|Location||Miura, Kanagawa Prefecture, Japan|
|Year first constructed||1871 (first)|
|Year first lit||1925 (current)|
|Tower shape||octagonal prism tower with balcony and lantern|
|Height||16.9 metres (55 ft)|
|Focal height||41.1 metres (135 ft)|
|Original lens||2nd order Fresnel|
|Range||18 nautical miles (33 km; 21 mi)|
|Characteristic||Al Fl (2+1) W G 40s|
Tsurugisaki Lighthouse (剱埼灯台 Tsurugisaki tōdai?) is a lighthouse located on Cape Tsurugi on the southeastern extremity of the city of Miura, Kanagawa Prefecture, Japan on the southernmost and eastern tip of Miura Peninsula. (On the southernmost western tip of Miura Peninsula stands the Jōgashima Lighthouse.)
The Tsurugisaki Lighthouse was one of eight lighthouses to be built in Meiji period Japan under the provisions of the Anglo-Japanese Treaty of Amity and Commerce of 1858, signed by the Bakumatsu period Tokugawa Shogunate. The lighthouse was designed and constructed by British engineer Richard Henry Brunton. Brunton constructed another 25 lighthouses from far northern Hokkaidō to southern Kyūshū during his career in Japan.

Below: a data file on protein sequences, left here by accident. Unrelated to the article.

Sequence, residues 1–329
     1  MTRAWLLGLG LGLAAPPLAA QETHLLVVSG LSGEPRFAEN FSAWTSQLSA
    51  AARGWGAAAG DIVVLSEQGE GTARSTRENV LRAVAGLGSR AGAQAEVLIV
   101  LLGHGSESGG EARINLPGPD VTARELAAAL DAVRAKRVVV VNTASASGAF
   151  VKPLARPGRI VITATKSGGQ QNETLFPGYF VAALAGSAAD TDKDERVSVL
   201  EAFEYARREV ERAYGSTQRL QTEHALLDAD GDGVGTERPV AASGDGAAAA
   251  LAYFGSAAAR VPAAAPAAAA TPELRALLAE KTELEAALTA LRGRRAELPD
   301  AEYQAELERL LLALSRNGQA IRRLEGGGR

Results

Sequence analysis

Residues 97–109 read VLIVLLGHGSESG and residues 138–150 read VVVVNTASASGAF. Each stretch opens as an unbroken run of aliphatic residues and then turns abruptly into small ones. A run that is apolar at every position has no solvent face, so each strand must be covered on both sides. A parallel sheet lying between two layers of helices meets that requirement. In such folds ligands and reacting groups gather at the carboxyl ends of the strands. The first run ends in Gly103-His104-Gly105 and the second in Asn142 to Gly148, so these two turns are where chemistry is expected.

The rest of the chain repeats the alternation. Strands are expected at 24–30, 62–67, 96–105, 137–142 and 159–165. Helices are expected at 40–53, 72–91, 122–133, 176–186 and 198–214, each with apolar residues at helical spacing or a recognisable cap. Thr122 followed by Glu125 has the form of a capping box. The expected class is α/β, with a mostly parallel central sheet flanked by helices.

The Tsurugisaki Lighthouse was completed on March 1, 1871 and was designed to protect shipping entering Tokyo Bay via the Uraga Channel, with its light visible as far as the Bōsō Peninsula on the eastern shore of the bay. The original structure was destroyed during the Great Kantō earthquake on September 1, 1923 and was replaced with the current reinforced-concrete structure on July 4, 1925. The lighthouse has been unmanned since 1991.
It is currently maintained by the Japan Coast Guard.
- Brunton, Richard. Building Japan, 1868–1879. Japan Library, 1991. ISBN 1-873410-05-0
- Pedlar, Neil. The Imported Pioneers: Westerners who Helped Build Modern Japan. Routledge, 1990. ISBN 0-904404-51-X
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